Azariah stood in the heart of the fire, praying aloud thus: Do not abandon us for ever, for the sake of your name; do not repudiate your covenant, do not withdraw your favour from us, for the sake of Abraham, your friend, of Isaac, your servant, and of Israel, your holy one, to whom you promised to make their descendants as many as the stars of heaven and as the grains of sand on the seashore. Lord, we have become the least of all nations, we are put to shame today throughout the world, because of our sins. We now have no leader, no prophet, no prince, no burnt offering, no sacrifice, no oblation, no incense, no place where we can make offerings to you and win your favour. But may the contrite soul, the humbled spirit, be as acceptable to you as burnt offerings of rams and bullocks, as thousands of fat lambs: such let our sacrifice be to you today, and may it please you that we follow you whole-heartedly, since those who trust in you will not be shamed. And now we put our whole heart into following you, into fearing you and seeking your face once more. Do not abandon us to shame but treat us in accordance with your gentleness, in accordance with the greatness of your mercy. Rescue us in accordance with your wonderful deeds and win fresh glory for your name, O Lord.
What is a contrite heart?
It is a heart that has fully acknowledged its guilt, before God and man, and repents deeply. It is a heart that has ceased to justify and defend itself. It is a heart that has become totally soft and receptive before God. All its pride has been broken; it has given up all its securities on the natural plane. It has nothing left to boast of; it has nothing left but sorrow and regret for having sinned. This heart is willing to abandon itself wholly into the hands of God; to accept whatever comes from His hand; to bear all the consequences of its guilt. It is a contrite heart!
Perhaps it took a long time for the heart to reach this state; perhaps it resisted for a long time to acknowledge its own guilt… But now, by the grace of God, it has surrendered in that combat in defence of its ‘self’, and is willing to confess its sin without reservation.
However, the grace of contrition must not be confused with servility or with a certain resignation, accompanied by the feeling that nothing matters any more and that there is nothing left to lose; a state that could easily lead to depression.
No! Contrition has great dignity, and would be willing to do everything in its power to make amends for the fault committed. Nor does contrition come from false fear of God or from diffuse feelings of guilt. Rather, it is related to the gift of the fear of God, and, even in all its humility, it can stand before God.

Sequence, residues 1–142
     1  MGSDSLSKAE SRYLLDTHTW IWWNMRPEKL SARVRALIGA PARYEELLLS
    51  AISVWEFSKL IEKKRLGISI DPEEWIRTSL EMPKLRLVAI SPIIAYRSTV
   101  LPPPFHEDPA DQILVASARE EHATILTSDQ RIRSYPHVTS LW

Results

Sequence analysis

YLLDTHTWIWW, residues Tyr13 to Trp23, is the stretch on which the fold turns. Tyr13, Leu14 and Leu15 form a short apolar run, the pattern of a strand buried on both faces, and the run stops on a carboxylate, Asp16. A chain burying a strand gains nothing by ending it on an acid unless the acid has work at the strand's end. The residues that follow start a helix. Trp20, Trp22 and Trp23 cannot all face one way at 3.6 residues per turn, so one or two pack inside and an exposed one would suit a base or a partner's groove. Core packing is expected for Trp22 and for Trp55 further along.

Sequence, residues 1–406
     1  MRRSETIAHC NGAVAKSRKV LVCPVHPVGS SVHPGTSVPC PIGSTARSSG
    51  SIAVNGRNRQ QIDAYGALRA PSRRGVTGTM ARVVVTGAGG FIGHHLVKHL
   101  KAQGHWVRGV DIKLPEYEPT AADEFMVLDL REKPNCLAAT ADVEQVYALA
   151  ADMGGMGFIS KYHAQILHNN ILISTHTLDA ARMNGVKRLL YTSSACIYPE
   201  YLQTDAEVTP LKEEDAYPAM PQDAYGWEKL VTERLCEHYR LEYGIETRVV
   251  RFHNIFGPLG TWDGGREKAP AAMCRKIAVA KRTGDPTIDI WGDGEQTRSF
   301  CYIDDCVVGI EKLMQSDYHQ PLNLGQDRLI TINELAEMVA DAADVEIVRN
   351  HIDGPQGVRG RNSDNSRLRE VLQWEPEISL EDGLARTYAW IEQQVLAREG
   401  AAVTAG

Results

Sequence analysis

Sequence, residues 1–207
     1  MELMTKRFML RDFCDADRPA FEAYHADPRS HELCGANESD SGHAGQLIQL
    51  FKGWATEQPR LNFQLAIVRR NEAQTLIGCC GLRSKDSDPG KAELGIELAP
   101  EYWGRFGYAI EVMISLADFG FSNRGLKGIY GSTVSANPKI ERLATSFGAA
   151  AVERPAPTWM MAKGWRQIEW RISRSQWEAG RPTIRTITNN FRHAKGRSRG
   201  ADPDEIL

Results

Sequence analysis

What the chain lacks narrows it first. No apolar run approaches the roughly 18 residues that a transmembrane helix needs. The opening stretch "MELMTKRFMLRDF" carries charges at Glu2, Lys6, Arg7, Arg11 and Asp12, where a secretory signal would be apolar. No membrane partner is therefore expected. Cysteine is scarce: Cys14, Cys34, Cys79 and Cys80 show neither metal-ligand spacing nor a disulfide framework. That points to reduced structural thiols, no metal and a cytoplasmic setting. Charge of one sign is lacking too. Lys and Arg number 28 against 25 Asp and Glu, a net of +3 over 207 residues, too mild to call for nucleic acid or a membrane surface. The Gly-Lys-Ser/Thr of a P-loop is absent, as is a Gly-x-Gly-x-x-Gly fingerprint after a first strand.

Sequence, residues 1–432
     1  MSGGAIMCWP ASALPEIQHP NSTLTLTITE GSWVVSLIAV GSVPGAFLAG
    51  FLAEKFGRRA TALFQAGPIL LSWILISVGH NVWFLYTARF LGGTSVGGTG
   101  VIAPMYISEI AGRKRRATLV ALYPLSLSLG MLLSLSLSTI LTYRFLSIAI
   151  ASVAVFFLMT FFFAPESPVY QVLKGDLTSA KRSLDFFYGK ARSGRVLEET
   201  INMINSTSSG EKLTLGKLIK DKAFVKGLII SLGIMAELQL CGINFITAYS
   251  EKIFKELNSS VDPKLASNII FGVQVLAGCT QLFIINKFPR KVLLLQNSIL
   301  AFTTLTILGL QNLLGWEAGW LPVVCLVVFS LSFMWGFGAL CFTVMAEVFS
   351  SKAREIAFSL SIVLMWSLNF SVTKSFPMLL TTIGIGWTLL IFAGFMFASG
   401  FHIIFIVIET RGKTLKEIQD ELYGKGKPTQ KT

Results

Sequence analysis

In the prayer we hear in today’s reading, we are shown a clear example of this contrite attitude.
After having admitted sin, the consequences of sin are also acknowledged: “We have become the least of all nations, we are put to shame today throughout the world, because of our sins.”
But this is followed by turning to God with confidence: “Since those who trust in you will not be shamed”. And then comes the resolution: “Now we put our whole heart into following you, into fearing you and seeking your face once more.”
The prayer leads to a confident plea to the Lord, sustained by firm faith: “Treat us in accordance with your gentleness, in accordance with the greatness of your mercy. Rescue us in accordance with your wonderful deeds and win fresh glory for your name, O Lord.”
So we see that contrition of heart is a great grace, and as the psalm so wonderfully says, “Sacrifice to God is a broken spirit, a broken, contrite heart you never scorn.” (Ps 51:17)
It is good to ask for such a heart, capable of recognising its guilt; even if perhaps we have not committed the most serious sins. Indeed, we could also have a contrite heart for not having cooperated sufficiently with God’s grace, for having missed opportunities to do good, for having neglected our obligations, for having fallen lukewarm in our religious vocation, for not having allowed the fire of the Holy Spirit to burn because of our guilt and negligence, for having let ourselves be carried away by thoughts of vanity and pride, for not having tried hard enough to overcome our venial sins….
We can achieve this contrition of heart if we consider what God could have done if we had been faithful to Him, if we had not been careless with that which was entrusted to us, if we had not put self-love before love of God….
Then the path shown to us in the marvellous prayer of today’s reading would be open to us, and we could take up again with new strength the task the Lord has entrusted to us.